It’s remarkable the many ways dogs help to improve our lives. Even our companion dogs that don’t work as service animals, make our lives more interesting, help to calm us down, and just make us happy!

Breed of the Week: Otterhound

otterhound

The big, friendly Otterhound is our featured breed this week! This large and very hairy dog loves to spend every minute of the day outdoors getting dirty and rolling in the mud. He’s a rugged and rambunctious dog that loves to play!

 

The Otterhound originated in England in the 1300’s. The breed was created to hunt otters (to stop the otters from taking all of the fish). A specialized breed was needed to hunt the otters as the dog needed good scent-tracking abilities, able to fight the otter (weighing upwards of 20lbs), and able to withstand the freezing waters that the otters were in. With the Otterhound being a very old breed, there is a lot of debate over their early history, particularly with the size and look of the original Otterhound. Some experts believe the Otterhound was simply a term used to describe any fierce scent-tracking dog able to hunt otters. Others believe the Otterhound was originally a terrier type breed rather than hound. Today, the Otterhound is considered a ‘Vulnerable Native Breed’ by the AKC (American Kennel Club). There are approximately 600 Otterhounds remaining in the world!

 

This breed was built to be outdoors! They do best in homes with lots of space to run around, making them great farm dogs! This friendly breed gets along great with other dogs, but is better with big dogs as the Otterhound may be inclined to chase small pooches due to their high prey drive. Otterhounds generally are born with a very easy-going and sweet personality, which is good as this breed is notoriously stubborn and often slow to train. They get along best with owners who have the mindset of ‘Dogs will be dogs!’. As long as this dog gets lots and lots of exercise, they rarely have anxiety or major behavioural issues. But one quirk this breed often has (especially if bored or lots of pent up energy) is baying. They have that distinctive hound ‘bay’ instead of a bark, and man are they ever loud!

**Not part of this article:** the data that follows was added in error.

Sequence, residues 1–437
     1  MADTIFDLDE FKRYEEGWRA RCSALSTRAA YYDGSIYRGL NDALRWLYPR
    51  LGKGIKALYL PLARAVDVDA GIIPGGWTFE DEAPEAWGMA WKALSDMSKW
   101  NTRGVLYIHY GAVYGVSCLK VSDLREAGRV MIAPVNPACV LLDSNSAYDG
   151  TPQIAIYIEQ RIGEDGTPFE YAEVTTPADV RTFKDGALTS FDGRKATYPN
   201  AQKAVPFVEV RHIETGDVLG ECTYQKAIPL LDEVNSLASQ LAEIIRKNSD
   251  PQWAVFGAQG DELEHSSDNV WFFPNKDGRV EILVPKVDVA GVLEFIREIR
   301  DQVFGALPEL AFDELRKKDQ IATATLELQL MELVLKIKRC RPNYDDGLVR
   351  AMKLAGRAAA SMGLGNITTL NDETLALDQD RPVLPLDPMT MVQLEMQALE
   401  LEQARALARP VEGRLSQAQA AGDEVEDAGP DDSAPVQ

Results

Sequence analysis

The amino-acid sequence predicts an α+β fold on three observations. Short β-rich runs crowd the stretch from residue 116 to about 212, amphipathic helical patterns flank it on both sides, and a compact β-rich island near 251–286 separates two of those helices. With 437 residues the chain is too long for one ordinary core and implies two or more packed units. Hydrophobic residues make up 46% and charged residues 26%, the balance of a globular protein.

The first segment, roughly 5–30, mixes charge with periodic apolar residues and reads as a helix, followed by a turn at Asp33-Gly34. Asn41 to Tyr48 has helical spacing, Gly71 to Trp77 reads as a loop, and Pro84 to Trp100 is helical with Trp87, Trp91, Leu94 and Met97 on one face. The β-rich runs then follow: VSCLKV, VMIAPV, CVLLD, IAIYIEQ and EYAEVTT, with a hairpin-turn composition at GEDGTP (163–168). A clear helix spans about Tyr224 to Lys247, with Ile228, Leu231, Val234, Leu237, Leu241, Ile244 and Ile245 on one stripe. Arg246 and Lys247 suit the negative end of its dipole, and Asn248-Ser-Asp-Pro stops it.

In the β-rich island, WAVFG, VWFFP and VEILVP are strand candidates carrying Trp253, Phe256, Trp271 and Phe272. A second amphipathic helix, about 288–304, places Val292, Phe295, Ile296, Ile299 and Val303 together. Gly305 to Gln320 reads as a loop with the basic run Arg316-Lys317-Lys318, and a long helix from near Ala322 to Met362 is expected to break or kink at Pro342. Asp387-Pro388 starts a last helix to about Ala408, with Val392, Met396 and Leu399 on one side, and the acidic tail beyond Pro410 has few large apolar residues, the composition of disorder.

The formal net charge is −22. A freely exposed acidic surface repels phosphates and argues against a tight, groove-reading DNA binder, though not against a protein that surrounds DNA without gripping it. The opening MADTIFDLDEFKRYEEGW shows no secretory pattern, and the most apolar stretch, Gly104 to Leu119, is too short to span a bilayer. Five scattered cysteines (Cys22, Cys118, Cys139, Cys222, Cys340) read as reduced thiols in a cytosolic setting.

Do you love brushing and bathing dogs in your free time? If you do, the Otterhound is perfect for you! This large dog has a lot of hair and needs frequent hair trimming, brushing and bathing. The Otterhound’s goal every day is to get as dirty as possible, so you will definitely need to be prepared for daily upkeep of their coat.

 

The Otterhound is suitable for very active and outdoorsy families or individuals. They are not recommended for homes with small children as young Otterhounds can be quite rambunctious and knock kids over. They need a very patient and consistent owner who is willing to take the time to train them and give them enough mental and physical stimulation (they were bred to be high-energy working dogs). This dog is definitely not suitable for small apartments or living in a busy city. They thrive on the outdoors and being too cramped will give you an unhappy Otterhound! If you’ve got lots of space, patience, and don’t mind a bit of a dirty house, the Otterhound could be your loving and playful companion!

Dogs and Thunderstorm Anxiety

dog watching storm

If you’ve owned several dogs in your lifetime, chances are you’ve seen firsthand dog anxiety during a thunderstorm. It is very common for dogs to experience nervousness with the big noisy thunder and flashes of lightning, it can be scary! But just because it’s fairly common, doesn’t mean your pup has to be scared of thunderstorms anymore!

 

If your pooch suffers from anxiety during thunderstorms, it’s important to first look at any other issues or anxiety your pup may have. Often times, a small issue like anxiety during thunderstorms, is linked to a much bigger issue. Does your dog get enough exercise during the day? Does he have enough mental stimulation? Do you practise bonding exercises with him? Does he show anxiety during any other times? Does he suffer from separation anxiety? These are just some examples of questions you will need to ask yourself before addressing your dog’s anxiety. If we aren’t asking these questions and only seek out to solve this one problem, your dog may still have issues in other areas in his life that could be linked to the thunderstorm nervousness; and it will be much harder to calm him down during thunderstorms if these other issues aren’t addressed.